Overall, naval forces provide our nation with a rapid response force: persuasive in peace, compelling in crisis, and capable throughout the full range of conflict. Whether the mission is humanitarian assistance, crisis response, or conflict resolution, adaptable forces from the sea, operating independently or jointly, are a powerful instrument for carrying out national policy.

To ensure that the capabilities we acquire are appropriate for such a wide range of functions, the Navy and Marine Corps use joint coordination groups to discuss, evaluate, and propose to the leadership anticipated requirements for the two Services. The process allows the Navy-Marine Corps team to voice requirements within the joint arena from a single naval perspective. This teamwork also is occurring in the budget process. As the only military department with two services, the Department of the Navy must coordinate its budget submissions closely to improve efficiencies and create a more cohesive product. Such integration leads to better support of our overall naval strategy.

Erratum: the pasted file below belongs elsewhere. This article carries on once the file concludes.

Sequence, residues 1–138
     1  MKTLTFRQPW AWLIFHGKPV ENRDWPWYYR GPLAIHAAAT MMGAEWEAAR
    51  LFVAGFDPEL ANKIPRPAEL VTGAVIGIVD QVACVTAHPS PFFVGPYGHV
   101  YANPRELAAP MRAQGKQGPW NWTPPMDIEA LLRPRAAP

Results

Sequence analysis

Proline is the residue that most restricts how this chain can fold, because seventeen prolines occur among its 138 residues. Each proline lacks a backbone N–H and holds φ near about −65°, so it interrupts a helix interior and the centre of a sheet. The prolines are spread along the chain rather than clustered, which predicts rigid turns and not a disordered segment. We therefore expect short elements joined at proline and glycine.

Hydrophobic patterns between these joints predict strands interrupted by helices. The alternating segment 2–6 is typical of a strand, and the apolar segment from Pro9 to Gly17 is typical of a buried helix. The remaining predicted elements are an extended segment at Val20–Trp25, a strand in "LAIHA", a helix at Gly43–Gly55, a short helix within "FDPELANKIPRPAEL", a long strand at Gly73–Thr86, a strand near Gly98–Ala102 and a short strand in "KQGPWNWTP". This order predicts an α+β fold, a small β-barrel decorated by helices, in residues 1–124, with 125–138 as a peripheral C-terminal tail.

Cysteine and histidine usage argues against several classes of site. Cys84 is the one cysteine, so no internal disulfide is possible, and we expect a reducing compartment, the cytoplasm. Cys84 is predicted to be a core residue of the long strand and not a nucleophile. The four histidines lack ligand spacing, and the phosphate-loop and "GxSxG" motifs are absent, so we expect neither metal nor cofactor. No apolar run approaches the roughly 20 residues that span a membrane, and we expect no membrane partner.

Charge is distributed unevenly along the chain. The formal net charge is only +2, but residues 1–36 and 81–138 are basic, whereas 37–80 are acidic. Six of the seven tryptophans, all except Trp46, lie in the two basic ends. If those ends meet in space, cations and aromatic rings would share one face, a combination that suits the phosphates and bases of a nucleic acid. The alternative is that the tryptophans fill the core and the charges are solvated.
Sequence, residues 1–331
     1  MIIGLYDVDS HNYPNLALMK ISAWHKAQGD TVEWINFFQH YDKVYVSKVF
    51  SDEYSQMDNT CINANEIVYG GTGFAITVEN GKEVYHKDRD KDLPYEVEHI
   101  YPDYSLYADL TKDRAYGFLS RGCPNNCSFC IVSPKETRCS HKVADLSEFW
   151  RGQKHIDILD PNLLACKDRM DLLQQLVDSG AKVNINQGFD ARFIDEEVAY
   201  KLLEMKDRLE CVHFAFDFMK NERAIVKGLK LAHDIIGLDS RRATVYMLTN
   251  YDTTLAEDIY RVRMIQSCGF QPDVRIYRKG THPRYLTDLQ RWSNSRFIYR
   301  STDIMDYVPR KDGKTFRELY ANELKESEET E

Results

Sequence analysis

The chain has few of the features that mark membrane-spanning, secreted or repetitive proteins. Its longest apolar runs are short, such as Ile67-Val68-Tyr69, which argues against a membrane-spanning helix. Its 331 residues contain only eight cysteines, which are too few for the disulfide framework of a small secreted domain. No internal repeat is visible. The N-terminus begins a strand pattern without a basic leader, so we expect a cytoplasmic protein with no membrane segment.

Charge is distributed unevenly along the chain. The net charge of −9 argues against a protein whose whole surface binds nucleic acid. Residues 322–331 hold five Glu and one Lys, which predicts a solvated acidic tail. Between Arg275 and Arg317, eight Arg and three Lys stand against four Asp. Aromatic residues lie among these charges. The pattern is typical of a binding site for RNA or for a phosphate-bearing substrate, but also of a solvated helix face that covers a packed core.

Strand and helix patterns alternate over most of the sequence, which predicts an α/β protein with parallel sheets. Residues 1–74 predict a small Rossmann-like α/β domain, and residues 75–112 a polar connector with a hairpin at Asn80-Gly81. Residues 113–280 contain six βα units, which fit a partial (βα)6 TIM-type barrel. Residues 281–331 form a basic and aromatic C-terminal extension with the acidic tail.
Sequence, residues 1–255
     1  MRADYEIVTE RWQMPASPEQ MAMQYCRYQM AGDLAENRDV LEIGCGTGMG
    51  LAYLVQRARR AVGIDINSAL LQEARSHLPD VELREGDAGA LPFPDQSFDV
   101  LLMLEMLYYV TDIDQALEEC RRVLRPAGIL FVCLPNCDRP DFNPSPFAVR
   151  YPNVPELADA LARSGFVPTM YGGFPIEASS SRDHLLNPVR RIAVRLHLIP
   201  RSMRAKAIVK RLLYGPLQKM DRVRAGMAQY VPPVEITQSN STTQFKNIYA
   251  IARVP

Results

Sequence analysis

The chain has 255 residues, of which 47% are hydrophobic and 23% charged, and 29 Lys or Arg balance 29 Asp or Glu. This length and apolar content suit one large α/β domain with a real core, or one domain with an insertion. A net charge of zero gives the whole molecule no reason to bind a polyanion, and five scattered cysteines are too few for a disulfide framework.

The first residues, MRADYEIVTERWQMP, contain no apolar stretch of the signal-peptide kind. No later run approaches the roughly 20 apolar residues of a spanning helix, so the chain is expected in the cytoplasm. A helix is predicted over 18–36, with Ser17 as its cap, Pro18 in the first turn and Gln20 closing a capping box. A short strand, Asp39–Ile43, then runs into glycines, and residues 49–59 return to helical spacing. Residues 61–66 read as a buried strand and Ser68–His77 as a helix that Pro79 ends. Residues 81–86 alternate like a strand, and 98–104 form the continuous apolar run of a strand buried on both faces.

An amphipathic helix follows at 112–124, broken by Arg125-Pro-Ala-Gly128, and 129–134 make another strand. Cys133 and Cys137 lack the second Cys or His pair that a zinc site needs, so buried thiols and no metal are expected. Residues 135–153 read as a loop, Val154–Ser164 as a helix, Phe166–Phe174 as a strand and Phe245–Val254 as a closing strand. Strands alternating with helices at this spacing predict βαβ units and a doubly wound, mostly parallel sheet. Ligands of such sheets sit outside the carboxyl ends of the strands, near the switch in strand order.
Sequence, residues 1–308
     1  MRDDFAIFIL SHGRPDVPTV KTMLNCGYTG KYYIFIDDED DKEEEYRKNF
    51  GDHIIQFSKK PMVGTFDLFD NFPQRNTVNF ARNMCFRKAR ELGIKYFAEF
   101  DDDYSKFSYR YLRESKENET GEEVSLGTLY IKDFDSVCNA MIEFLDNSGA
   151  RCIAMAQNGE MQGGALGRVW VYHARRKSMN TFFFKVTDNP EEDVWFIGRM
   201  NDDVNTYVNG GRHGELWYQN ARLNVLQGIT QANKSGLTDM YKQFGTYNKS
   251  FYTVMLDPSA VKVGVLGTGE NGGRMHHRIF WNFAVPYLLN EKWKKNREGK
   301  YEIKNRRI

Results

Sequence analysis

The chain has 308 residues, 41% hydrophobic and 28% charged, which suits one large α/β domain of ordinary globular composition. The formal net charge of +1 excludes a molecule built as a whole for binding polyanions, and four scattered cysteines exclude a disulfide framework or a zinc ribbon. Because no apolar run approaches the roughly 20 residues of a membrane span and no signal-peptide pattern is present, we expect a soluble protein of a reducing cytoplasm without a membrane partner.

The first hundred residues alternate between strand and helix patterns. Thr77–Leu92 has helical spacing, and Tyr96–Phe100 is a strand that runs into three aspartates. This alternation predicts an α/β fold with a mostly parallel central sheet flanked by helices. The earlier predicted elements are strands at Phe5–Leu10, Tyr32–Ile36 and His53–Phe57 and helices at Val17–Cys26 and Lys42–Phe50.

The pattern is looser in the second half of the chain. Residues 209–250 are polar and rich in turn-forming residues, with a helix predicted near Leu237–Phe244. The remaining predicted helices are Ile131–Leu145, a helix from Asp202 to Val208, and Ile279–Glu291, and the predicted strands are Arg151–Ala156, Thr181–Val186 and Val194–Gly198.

A Focus on the Future